The U.S. Food and Drug Administration (FDA) said it will be taking steps to clarify new drug development in the age of individualized medicine.
Given advances in scientific knowledge and drug development technology have provided new opportunities to approach drug development, the FDA said it has approved more than twice as many drugs for rare diseases, sometimes called “orphan drugs” in the past eight years as it had in the previous eight years.
“For genetic diseases, recent approaches to testing and molecular diagnosis have allowed us to pinpoint, in some cases, the exact cause of a patient’s disease,” the FDA wrote. “For a patient with a very rare genetic disease, development of a drug product that is tailored to that patient’s specific genetic variant may be possible. This is an important advance in treatment for those with very rare genetic diseases, especially those for which there are no adequate therapies available to treat the disease. Often, these very rare diseases are rapidly progressing, debilitating, and in many cases, can lead to premature death if left untreated.”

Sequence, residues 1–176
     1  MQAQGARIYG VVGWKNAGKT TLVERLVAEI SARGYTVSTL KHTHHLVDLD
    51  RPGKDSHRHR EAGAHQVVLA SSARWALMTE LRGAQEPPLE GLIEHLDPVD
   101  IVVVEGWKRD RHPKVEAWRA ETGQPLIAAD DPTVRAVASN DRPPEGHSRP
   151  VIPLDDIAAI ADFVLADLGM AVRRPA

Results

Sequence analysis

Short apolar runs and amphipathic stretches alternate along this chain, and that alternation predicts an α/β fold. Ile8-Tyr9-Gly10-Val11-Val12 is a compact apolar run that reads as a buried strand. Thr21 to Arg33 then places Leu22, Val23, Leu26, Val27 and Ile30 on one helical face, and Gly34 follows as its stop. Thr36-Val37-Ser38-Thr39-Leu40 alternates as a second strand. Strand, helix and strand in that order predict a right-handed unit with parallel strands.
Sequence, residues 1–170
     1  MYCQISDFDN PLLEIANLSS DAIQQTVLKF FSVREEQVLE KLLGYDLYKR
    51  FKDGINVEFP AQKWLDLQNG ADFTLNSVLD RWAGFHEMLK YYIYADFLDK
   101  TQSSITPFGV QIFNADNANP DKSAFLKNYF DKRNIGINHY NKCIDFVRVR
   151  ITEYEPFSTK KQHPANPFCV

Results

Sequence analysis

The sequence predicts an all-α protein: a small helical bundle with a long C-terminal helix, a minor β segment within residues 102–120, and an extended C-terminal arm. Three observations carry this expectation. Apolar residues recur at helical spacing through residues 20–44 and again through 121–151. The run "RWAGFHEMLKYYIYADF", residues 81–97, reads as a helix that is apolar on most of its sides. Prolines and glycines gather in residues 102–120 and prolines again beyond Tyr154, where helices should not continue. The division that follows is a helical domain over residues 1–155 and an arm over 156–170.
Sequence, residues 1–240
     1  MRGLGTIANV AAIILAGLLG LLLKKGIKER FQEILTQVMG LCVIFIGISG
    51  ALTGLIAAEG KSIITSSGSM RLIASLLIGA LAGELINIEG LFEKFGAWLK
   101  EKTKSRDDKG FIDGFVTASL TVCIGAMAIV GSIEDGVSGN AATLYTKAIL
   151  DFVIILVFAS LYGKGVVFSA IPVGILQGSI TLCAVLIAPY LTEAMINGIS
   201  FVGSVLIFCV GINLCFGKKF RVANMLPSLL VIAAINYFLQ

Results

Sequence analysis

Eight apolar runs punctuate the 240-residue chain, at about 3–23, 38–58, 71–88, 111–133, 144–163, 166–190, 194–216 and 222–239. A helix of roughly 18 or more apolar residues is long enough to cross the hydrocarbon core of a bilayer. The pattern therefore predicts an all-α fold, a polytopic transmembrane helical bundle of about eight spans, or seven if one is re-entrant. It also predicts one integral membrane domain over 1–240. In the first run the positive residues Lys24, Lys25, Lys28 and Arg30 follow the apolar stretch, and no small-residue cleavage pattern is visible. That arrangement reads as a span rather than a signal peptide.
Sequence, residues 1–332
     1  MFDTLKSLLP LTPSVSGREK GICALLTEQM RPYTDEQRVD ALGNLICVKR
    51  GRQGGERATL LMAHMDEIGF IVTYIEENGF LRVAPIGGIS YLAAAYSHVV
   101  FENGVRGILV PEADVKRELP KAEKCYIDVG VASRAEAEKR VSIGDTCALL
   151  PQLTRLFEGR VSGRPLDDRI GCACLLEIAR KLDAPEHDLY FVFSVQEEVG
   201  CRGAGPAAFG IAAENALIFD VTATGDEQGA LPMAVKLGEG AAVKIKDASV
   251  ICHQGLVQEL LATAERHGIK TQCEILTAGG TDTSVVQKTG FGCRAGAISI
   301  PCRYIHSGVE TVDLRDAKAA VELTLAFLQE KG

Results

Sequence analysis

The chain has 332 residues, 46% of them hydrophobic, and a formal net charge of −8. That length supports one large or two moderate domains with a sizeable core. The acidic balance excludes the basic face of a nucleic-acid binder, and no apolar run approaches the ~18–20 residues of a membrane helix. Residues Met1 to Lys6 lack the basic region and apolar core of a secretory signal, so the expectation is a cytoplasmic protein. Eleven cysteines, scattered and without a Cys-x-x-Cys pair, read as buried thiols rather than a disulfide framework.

The FDA said the development of individualized genetic drug products is most advanced for antisense oligonucleotide (ASO) products. The agency said it would be taking steps to clarify its guidance on this area of individualized drug development.
The draft guidance will help those developing ASO products with how to approach obtaining feedback from the FDA and what the expectations and process for making regulatory submissions to the agency are, as well as make recommendations about the requirement for Institutional Review Board review of the protocols within, and how to obtain informed consent.
“The FDA understands that we’ll need to work together with the developers of these drug products to bring them safely to patients, and we are willing to engage as needed to address the challenges. For example, for those developing these drug products, it will be important to further understand the required data and information that must be submitted to the FDA so that clinical testing can begin. The FDA is continuing to consider and further develop policy to address some of these issues,” the agency wrote.